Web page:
TORONTO – Troy Bodie has played for 11 different coaches since he left the junior ranks in Kelowna. Among them was Randy Carlyle for whom he suited up in Anaheim over the course of three seasons and more recently in his second stint in Toronto this fall.
"He's probably the most detailed coach I've had," said Bodie of Carlyle, who will face his former team Tuesday for the first time since he was fired in Dec. 2011. The Ducks have won seven straight games.
Carlyle may have softened somewhat in his transition to the Leafs, but his obsession with the details remains.
Never was that more apparent than throughout an instructive hour-plus practice on Monday morning, this after his team dropped consecutive games for the first time all season, falling hard to the Blackhawks in Chicago on Saturday evening.
As he is wont to do, Carlyle halted drills repeatedly when they weren't performed properly, bellowing at his group to "play fast" and with more assertiveness and aggression than it had in the 3-1 loss to the defending champs.
"More than other coaches I've played for he is a stickler for details, probably more so at practice," said Joffrey Lupul who played for Carlyle during multiple stints in Anaheim and again in Toronto. "He's not going to see something and overlook it."
In one instance, the Leafs head coach stopped practice to highlight to 23-year-old Jake Gardiner that he move the puck up ice with greater urgency and prominence. He first demonstrated what he meant before chirping to the assembled players that he could do so and "I'm old." Moments earlier during the same drill, he pointed to a specific position on the ice where he wanted his defender to be, moving him from an improper place tucked along the wall to a point two or three few feet away.
"He wants a guy two feet to the right of where the guy is, he's going to stop practice and say 'Move two feet to the right'" said Lupul. "Not in a negative way, just in a way that if you keep doing it over and over, guys pick up on it."
"He's not going to see something and overlook it."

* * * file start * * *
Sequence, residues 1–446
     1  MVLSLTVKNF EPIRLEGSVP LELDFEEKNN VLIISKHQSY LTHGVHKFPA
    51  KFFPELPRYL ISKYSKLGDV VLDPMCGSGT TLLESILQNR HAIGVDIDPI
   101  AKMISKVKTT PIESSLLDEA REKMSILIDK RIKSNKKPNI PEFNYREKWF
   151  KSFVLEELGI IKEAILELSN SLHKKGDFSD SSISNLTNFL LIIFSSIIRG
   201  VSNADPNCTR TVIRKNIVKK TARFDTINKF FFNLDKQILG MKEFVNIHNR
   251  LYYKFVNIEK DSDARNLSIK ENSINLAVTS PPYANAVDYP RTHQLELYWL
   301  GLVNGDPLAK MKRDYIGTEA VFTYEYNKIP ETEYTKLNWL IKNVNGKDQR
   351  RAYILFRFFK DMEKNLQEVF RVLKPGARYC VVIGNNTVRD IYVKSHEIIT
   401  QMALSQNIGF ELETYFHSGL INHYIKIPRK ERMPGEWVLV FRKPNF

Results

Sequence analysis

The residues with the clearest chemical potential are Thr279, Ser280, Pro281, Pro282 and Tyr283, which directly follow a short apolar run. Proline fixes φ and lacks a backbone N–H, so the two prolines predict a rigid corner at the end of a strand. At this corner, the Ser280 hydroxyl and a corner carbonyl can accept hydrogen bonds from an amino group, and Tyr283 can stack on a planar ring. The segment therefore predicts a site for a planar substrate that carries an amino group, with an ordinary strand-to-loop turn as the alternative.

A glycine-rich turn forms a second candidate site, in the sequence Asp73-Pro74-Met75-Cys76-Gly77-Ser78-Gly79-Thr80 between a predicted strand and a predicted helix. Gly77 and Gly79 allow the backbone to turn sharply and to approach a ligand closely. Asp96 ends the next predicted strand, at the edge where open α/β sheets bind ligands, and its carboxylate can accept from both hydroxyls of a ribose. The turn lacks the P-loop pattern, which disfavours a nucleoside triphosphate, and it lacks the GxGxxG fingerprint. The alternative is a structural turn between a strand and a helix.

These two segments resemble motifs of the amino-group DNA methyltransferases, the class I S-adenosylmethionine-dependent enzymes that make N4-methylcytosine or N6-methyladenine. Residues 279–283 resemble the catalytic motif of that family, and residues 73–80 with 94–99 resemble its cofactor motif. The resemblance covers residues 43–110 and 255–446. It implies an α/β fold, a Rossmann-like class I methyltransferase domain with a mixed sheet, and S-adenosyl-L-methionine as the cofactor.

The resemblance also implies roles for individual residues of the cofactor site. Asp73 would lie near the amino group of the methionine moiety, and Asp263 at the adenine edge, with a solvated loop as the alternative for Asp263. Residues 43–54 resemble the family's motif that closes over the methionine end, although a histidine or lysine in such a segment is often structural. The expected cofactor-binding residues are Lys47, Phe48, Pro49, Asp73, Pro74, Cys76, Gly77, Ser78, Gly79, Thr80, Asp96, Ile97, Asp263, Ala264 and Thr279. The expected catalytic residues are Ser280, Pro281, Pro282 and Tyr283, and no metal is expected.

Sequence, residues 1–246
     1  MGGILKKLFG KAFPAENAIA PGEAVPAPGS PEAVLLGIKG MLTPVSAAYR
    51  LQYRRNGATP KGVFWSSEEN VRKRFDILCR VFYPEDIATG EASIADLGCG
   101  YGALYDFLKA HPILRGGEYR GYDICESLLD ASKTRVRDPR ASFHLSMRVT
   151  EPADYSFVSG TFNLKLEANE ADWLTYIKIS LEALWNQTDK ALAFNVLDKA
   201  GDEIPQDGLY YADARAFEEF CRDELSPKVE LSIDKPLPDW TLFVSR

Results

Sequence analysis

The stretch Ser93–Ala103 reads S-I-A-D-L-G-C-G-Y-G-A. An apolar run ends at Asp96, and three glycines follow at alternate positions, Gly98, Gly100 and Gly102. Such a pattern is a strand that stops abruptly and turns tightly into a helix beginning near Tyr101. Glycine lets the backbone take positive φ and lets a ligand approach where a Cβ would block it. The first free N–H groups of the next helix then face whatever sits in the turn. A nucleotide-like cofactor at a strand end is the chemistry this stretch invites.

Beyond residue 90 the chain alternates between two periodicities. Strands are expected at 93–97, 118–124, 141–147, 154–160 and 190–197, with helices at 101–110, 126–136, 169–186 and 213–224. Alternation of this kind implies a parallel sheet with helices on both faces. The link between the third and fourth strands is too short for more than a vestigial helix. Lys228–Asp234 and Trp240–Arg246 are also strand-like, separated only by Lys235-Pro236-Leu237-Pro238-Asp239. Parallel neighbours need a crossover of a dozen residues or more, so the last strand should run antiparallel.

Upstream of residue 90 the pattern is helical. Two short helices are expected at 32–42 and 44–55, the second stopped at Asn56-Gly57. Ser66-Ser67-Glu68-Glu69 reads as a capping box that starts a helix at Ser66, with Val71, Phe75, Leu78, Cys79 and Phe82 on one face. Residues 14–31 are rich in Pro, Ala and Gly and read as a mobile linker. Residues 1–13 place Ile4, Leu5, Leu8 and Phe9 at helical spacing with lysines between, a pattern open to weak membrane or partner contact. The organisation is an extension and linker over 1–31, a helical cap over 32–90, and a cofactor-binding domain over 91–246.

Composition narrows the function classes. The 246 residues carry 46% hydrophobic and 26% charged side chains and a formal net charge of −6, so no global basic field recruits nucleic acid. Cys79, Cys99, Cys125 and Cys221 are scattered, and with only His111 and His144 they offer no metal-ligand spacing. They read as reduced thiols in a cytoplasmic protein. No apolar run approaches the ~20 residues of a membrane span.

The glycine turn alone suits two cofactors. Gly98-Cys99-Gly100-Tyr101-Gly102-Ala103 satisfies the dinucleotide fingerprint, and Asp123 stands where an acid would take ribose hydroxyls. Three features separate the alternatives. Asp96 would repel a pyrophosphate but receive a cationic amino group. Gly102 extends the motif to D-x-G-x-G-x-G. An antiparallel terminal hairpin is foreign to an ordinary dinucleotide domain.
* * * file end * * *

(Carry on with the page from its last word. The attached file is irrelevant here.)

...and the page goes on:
Known to be an obsessive and creative line-matcher – his efforts in freeing Phil Kessel from the grips of Zdeno Chara during the Leafs first round series with Boston last spring were quite impactful – Carlyle's passion for details extends into games.
"The one thing I really admire about Randy is he comes in after every period and he'll have something to write up about what they're doing instead of just coming in with a rah-rah speech or 'you guys are playing awful' speech," said Bodie. "He'll have answers to the questions on the ice.
"He'll draw things up and show us what needs to be done."
His grip on every function of his team's operation extends off the ice as well, even in areas that might not be so obvious.
Upon his arrival with the Leafs in March 2012, following the dismissal of Ron Wilson, Carlyle ensured that the brief walkway between the home dressing room and Air Canada Centre ice surface be mopped and cleaned in between periods so as not to impact the quality of his players' skates.
No detail is too small.
His reputation bestowed as much before he came to Toronto, Carlyle's old-school ways helping the Ducks to their first Cup in 2007.
"What I heard about him was, 'it's going to be tough, he's a hard coach, he's tough'" Carl Gunnarsson recalled. "Yeah, he is [tough]; practices are long, practices are tough, he demands a lot from the guys. But I think he's fair too. If we don't give 100 per cent we don't have a chance to win."
It was for that reason that Carlyle stressed over his team's "loose" play in all three zones throughout a 6-1-0 start; he saw the underlying details of their game lacking and in need of a jump-start. Losses to Carolina and Chicago only served to underscore that point.
"I think he's doing it for the sake of the team," Gunnarsson said. "Of course it's tough, but you've got to see it the right way; he's doing it for you and not trying to be a dick about it."
Though he hasn't changed in his rigidness for order, Carlyle has softened somewhat from his 7-year run with the Ducks. He's ceded to giving his team the morning off on more than a few game-days early this season – at the request of his players no less.
"There's things that you learn and you take from your history or your experience, things that you did then that you might change," Carlyle said.
Carlyle claimed, early in his Toronto tenure, to have learned from the experience Blues coach Ken Hitchcock spoke of in his return to the bench in St. Louis. "He tried to bring a positive attitude day in, day out, no matter what was happening outside of the rink or outside of the playing surface or what had happened the night before that he was going to take a positive approach and try to do that on a day-to-day basis," Carlyle said.
And so it was on Monday morning that, two days after his team was thoroughly outplayed by the Blackhawks, Carlyle brought out the bright orange street hockey balls to open up practice, rather than grinding his group with a depressing skate. Order and instruction came later.
"At times we feel that that's counter-productive," Carlyle said of hammering a message home with a bag-skate. "We have to change the mood of our group to a positive one."
"He's changed a little bit," said Lupul who had previously clashed with Carlyle in Anaheim.
"More so in the day-to-day stuff, coming in chatting with guys and trying to have a bit more of a relationship with the players I think. He's still a demanding coach and everyone knows what's expected from them – I don't think that's going to change anytime soon – but you can certainly see maybe a little softer [side] in his old age."
The details notwithstanding.